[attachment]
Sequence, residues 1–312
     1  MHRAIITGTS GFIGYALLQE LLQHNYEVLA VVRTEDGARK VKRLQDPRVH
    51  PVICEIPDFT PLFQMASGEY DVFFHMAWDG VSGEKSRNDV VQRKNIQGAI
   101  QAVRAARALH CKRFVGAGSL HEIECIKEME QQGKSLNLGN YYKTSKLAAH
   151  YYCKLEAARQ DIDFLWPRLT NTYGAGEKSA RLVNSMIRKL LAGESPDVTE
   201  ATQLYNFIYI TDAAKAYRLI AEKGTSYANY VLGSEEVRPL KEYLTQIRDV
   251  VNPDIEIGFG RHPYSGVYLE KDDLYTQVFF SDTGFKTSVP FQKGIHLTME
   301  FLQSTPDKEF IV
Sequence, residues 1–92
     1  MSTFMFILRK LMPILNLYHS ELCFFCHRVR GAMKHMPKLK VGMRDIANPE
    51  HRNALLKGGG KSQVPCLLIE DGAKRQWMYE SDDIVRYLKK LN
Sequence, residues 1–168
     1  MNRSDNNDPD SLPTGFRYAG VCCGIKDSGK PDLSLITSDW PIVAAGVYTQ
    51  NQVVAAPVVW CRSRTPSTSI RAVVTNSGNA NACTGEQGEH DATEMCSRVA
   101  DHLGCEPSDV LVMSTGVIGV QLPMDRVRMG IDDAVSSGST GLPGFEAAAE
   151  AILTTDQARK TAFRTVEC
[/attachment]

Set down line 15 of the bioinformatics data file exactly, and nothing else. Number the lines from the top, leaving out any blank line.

   101  DHLGCEPSDV LVMSTGVIGV QLPMDRVRMG IDDAVSSGST GLPGFEAAAE